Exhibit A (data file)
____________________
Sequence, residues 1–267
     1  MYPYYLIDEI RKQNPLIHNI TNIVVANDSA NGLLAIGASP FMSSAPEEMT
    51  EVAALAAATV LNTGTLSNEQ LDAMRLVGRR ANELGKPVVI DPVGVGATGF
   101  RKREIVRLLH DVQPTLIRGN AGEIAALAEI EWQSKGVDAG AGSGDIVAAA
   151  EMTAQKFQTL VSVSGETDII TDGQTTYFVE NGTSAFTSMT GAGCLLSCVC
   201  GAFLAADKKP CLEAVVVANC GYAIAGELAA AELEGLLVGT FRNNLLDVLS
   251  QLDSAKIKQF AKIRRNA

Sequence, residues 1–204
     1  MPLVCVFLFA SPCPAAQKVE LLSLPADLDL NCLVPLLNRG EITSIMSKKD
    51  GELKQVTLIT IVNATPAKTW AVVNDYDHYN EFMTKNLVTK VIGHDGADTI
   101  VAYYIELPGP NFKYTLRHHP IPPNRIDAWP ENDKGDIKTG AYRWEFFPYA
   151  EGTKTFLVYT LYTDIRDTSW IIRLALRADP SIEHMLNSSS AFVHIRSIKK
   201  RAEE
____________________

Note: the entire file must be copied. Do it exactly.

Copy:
Sequence, residues 1–267
     1  MYPYYLIDEI RKQNPLIHNI TNIVVANDSA NGLLAIGASP FMSSAPEEMT
    51  EVAALAAATV LNTGTLSNEQ LDAMRLVGRR ANELGKPVVI DPVGVGATGF
   101  RKREIVRLLH DVQPTLIRGN AGEIAALAEI EWQSKGVDAG AGSGDIVAAA
   151  EMTAQKFQTL VSVSGETDII TDGQTTYFVE NGTSAFTSMT GAGCLLSCVC
   201  GAFLAADKKP CLEAVVVANC GYAIAGELAA AELEGLLVGT FRNNLLDVLS
   251  QLDSAKIKQF AKIRRNA

Sequence, residues 1–204
     1  MPLVCVFLFA SPCPAAQKVE LLSLPADLDL NCLVPLLNRG EITSIMSKKD
    51  GELKQVTLIT IVNATPAKTW AVVNDYDHYN EFMTKNLVTK VIGHDGADTI
   101  VAYYIELPGP NFKYTLRHHP IPPNRIDAWP ENDKGDIKTG AYRWEFFPYA
   151  EGTKTFLVYT LYTDIRDTSW IIRLALRADP SIEHMLNSSS AFVHIRSIKK
   201  RAEE